1. The filename to save, leave it default
  2. Passphrase. This can be used to protect the private key with a password. This will help you achieve highest security as cost of convenience and automation. Leave empty for no password or enter one.

Once done, your public key will be saved in ~/.ssh/id_rsa.pub, and you can proceed to the next step.

Copy public key to SSH server

These are a number of approaches here. The easiest one is using ssh-copy-id tool. If it is not installed, install it using package manager of choice or proceed to the second method. Once available, you can use this tool like this:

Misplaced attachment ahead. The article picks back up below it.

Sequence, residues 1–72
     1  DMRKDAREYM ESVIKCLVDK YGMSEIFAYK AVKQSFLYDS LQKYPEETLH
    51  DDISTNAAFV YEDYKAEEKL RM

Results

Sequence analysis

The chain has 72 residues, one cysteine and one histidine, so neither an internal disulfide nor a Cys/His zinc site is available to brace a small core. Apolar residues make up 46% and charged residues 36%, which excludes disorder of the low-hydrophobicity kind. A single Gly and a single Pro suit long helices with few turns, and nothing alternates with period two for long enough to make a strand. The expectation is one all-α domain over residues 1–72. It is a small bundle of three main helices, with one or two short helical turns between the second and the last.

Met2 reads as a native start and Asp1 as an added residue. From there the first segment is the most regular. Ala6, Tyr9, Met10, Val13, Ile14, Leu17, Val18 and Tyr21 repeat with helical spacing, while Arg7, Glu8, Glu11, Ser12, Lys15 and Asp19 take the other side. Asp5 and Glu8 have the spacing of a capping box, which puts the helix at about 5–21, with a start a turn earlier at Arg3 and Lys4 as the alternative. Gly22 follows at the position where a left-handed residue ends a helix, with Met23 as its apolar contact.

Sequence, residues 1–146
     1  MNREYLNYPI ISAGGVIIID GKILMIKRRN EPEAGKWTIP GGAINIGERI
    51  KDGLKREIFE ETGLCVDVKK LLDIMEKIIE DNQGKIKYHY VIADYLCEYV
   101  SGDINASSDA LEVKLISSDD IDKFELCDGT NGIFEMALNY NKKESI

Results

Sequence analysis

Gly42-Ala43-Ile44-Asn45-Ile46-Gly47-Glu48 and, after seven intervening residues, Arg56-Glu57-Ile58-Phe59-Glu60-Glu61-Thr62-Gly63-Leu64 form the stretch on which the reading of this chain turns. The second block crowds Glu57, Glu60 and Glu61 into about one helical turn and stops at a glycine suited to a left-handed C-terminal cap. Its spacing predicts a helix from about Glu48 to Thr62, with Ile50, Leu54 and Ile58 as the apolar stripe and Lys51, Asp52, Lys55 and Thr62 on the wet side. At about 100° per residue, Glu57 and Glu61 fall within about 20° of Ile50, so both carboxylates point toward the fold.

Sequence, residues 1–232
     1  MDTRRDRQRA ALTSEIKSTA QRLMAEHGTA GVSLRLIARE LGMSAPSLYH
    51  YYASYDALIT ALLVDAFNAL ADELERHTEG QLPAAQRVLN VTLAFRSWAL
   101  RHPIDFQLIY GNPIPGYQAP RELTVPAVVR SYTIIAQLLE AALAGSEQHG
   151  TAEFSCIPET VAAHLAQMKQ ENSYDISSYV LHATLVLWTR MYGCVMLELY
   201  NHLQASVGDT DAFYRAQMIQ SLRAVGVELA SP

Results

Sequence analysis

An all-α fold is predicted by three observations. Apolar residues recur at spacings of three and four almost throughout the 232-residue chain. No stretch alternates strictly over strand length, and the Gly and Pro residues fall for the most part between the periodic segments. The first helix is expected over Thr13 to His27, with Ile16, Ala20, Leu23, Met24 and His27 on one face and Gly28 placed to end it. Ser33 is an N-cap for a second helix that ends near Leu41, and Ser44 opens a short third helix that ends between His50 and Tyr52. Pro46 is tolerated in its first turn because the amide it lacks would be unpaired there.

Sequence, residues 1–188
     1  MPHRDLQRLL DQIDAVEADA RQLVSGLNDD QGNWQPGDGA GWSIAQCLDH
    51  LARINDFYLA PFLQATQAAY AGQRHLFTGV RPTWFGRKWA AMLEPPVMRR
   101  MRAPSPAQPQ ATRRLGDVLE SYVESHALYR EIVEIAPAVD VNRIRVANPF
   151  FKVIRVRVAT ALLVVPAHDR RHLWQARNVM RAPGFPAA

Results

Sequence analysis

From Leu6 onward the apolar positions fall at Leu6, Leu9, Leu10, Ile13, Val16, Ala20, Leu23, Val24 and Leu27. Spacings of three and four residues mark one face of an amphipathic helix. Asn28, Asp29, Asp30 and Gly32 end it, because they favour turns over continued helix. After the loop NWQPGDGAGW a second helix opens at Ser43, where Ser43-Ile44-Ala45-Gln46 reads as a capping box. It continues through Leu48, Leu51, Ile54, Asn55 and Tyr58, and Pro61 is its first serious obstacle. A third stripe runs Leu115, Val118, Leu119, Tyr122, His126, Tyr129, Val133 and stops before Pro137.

$ ssh-copy-id -i ~/.ssh/id_rsa.pub [email protected]

Replace user and server with username and host, respectively. Then you will be prompted for your password on the server, just like a regular SSH connection. Once it is done, the tool will copy your public key to the server and SSH passwordless authentication now works!

If ssh-copy-id is not available on your system, there is another way using only built-in commands. Firstly, ensure that the .ssh folder exists on the server:

$ ssh [email protected] mkdir -p .ssh

This will execute mkdir -p .ssh on the remote server. -p argument means create if does not exist, which is precisely what we want. Once the folder is created, you can upload your keys like this:

$ cat ~/.ssh/id_rsa.pub | ssh [email protected] 'cat >> .ssh/authorized_keys'